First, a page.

Call Number LoNNe @ kyba @ Serial 1458
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Author Breitler, J.-C.; Djerrab, D.; Leran, S.; Toniutti, L.; Guittin, C.; Severac, D.; Pratlong, M.; Dereeper, A.; Etienne, H.; Bertrand, B.
Title Full moonlight-induced circadian clock entrainment in Coffea arabica Type Journal Article
Year 2020 Publication BMC Plant Biology Abbreviated Journal BMC Plant Biol
Volume 20 Issue 1 Pages 24
Keywords Moonlight; Plants
Abstract BACKGROUND: It is now well documented that moonlight affects the life cycle of invertebrates, birds, reptiles, and mammals. The lunisolar tide is also well-known to alter plant growth and development. However, although plants are known to be very photosensitive, few studies have been undertaken to explore the effect of moonlight on plant physiology. RESULTS: Here for the first time we report a massive transcriptional modification in Coffea arabica genes under full moonlight conditions, particularly at full moon zenith and 3 h later. Among the 3387 deregulated genes found in our study, the main core clock genes were affected. CONCLUSIONS: Moonlight also negatively influenced many genes involved in photosynthesis, chlorophyll biosynthesis and chloroplast machinery at the end of the night, suggesting that the full moon has a negative effect on primary photosynthetic machinery at dawn. Moreover, full moonlight promotes the transcription of major rhythmic redox genes and many heat shock proteins, suggesting that moonlight is perceived as stress. We confirmed this huge impact of weak light (less than 6 lx) on the transcription of circadian clock genes in controlled conditions mimicking full moonlight.
Address UMR IPME, Univ. Montpellier, CIRAD, IRD, F-34394, Montpellier, France
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ISSN (up) 1471-2229 ISBN Medium
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Notes PMID:31941456 Approved no
Call Number GFZ @ kyba @ Serial 2817
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Author Lumsden, P. J., & Furuya, M.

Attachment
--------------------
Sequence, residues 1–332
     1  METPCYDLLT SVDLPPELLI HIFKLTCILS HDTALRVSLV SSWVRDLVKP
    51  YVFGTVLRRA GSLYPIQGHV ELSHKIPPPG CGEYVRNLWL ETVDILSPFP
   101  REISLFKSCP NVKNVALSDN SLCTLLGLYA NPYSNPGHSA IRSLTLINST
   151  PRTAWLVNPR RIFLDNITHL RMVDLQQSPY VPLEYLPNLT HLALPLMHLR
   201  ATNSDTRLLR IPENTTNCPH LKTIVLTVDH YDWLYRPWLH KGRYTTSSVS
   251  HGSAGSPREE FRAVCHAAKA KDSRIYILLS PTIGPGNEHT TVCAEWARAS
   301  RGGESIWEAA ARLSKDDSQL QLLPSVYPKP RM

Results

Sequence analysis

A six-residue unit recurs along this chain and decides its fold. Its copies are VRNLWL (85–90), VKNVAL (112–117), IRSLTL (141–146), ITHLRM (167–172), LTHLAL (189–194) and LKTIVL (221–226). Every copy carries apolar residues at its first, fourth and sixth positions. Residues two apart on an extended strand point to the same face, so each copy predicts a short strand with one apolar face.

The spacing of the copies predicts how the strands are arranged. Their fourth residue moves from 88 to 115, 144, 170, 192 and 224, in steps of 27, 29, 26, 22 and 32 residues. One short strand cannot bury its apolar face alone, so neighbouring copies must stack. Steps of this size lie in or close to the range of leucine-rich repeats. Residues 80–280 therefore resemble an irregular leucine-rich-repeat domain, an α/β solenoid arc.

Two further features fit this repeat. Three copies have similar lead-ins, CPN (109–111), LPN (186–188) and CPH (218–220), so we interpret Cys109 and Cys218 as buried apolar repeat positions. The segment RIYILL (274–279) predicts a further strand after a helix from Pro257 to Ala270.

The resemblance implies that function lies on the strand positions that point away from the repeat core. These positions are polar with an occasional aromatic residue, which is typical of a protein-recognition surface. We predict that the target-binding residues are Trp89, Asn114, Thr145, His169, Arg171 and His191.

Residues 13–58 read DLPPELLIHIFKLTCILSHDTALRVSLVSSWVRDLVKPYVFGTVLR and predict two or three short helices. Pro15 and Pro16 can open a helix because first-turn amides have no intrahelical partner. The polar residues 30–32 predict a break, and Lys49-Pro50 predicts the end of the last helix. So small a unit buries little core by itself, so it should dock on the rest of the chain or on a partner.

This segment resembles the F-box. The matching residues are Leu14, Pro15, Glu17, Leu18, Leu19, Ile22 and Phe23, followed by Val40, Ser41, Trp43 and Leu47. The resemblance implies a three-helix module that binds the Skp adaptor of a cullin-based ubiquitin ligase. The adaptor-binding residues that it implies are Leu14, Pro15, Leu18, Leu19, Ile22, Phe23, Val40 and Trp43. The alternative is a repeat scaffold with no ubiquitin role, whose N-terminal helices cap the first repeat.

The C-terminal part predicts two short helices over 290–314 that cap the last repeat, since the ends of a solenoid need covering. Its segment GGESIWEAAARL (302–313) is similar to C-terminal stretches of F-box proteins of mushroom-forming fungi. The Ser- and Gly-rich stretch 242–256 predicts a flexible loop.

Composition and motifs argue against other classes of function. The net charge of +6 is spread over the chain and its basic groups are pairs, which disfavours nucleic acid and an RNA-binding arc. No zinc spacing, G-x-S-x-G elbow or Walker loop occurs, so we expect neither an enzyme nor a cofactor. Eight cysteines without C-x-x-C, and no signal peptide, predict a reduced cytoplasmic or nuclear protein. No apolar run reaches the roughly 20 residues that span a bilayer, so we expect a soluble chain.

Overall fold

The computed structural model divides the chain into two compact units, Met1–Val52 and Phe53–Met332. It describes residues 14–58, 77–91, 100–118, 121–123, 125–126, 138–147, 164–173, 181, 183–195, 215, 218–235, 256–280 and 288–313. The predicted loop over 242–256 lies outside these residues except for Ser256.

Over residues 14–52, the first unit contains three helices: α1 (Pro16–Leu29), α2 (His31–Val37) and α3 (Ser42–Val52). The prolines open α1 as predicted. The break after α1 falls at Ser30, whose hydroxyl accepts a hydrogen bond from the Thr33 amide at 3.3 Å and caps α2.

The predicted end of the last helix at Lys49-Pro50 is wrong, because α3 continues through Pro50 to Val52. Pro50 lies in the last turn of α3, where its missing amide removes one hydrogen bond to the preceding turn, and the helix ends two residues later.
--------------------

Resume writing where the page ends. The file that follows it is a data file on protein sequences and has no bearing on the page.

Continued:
Title Evidence for Two Actions of Light in the Photoperiodic Induction of Flowering in <italic>Pharbitis nil</italic> Type Journal Article
Year 1986 Publication Plant and Cell Physiology Abbreviated Journal
Volume Issue Pages
Keywords Plants
Abstract Using one-day-old light-grown seedlings of Pharbitis nil we have shown that there are two distinct responses to light during the inductive dark period. The first is the classic night-break, which inhibits flowering at a specific stage of the circadian rhythm (assumed to be the basis of dark time measurement). The second action is to control the phase of this rhythm. The two responses were compared at the 6th and 8th hour of darkness. They differed in their dose responses, and by using very short exposures it was possible to achieve one response without the other. The response of the rhythm to light displayed characteristics of other circadian rhythms; the direction and sensitivity of the phase shift changed between the 6th and 8th h, the rhythm was reset by longer exposures to light, and with one critical light treatment at the appropriate phase, the rhythm was apparently abolished. These results offer direct support for an external coincidence model in the photoperiodic control of floral induction.
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ISSN (up) 1471-9053 ISBN Medium
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Notes Approved no
Call Number IDA @ intern @ Serial 2375
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Author Pocock, T.
Title Advanced lighting technology in controlled environment agriculture Type Journal Article
Year 2016 Publication Lighting Research and Technology Abbreviated Journal Lighting Research and Technology
Volume 48 Issue 1 Pages 83-94
Keywords Plants; Lighting
Abstract There is a recent awareness of the importance of plants in our everyday lives. Light is a requirement for plants and serves two important roles. It provides energy for growth and provides information that elicits plant responses including, among others, plant shape, pigmentation, nutritional content and resistance to stress. Light is paradoxical to plants, it is a requirement however, in excess it is damaging. Plants sense and interpret light through many families of photoreceptors and through the energy state of the photosynthetic apparatus. Light emitting diodes (LEDs) are quickly replacing traditional light sources for human applications, and currently there is effort being put into tailoring these technology platforms for the plant community. Potential plant sensing pathways and the spectral effects on pigmentation and photochemistry in red lettuce are described.
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Language Summary Language Original Title
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ISSN (up) 1477-1535 ISBN Medium
Area Expedition Conference
Notes Approved no
Call Number LoNNe @ kyba @ Serial 1383